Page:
Understanding how a functional organ can be produced from a small group of precursor cells remains an outstanding question in cell and developmental biology. The developing compound eye of Drosophila melanogaster has long been a model of choice for addressing this question by dissecting the cellular, genetic and molecular pathways that govern cell specification, differentiation, and multicellular patterning during organogenesis.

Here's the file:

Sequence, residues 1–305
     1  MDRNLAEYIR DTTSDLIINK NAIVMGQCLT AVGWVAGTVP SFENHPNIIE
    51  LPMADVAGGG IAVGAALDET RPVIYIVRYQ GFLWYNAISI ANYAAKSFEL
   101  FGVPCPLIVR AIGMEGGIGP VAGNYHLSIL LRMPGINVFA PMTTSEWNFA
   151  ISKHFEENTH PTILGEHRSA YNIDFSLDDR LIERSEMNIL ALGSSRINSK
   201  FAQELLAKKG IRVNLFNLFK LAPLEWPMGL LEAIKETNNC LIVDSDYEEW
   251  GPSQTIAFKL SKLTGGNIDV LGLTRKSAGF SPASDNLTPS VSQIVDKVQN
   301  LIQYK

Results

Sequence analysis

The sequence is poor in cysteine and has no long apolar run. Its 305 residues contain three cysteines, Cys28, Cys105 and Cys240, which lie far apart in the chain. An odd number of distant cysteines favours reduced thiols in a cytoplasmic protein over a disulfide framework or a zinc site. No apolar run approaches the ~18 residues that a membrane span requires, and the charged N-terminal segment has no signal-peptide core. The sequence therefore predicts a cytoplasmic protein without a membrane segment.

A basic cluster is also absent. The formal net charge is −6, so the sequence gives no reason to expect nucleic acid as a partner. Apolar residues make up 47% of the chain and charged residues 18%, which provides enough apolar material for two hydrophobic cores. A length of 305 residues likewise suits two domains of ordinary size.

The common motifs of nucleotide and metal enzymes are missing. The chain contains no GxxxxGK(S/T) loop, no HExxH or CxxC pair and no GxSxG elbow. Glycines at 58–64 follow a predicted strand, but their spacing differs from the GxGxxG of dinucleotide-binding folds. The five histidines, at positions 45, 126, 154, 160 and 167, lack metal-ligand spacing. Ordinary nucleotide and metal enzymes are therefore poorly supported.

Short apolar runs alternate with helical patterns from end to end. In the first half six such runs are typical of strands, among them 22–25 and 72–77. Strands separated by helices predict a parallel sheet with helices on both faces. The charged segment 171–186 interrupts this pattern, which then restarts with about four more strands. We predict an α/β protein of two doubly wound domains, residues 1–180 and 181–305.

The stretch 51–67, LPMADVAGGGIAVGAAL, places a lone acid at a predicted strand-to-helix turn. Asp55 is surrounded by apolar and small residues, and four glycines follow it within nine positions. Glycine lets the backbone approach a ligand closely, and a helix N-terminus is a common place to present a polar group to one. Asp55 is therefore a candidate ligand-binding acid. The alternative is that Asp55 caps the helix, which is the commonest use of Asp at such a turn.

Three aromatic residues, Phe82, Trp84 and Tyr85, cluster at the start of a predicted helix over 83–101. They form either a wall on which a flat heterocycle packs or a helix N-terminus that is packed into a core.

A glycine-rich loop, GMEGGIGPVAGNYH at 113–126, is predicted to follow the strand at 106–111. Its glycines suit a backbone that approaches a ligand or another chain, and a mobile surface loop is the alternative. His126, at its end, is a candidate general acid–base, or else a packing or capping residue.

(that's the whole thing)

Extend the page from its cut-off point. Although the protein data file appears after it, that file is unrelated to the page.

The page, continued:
Our work focuses on cell and tissue morphogenesis during fly retinal development, including the regulated changes in cell shape and cell packing that ultimately determine the shape and architecture of the compound eye. We are particularly interested in uncovering new principles and mechanisms that regulate the cell shape changes, cell-cell junction remodeling and polarized membrane growth that underlie photoreceptor morphogenesis and retinal patterning.
Lab Web page : www.pichaudlab.org
Number of publications: 43.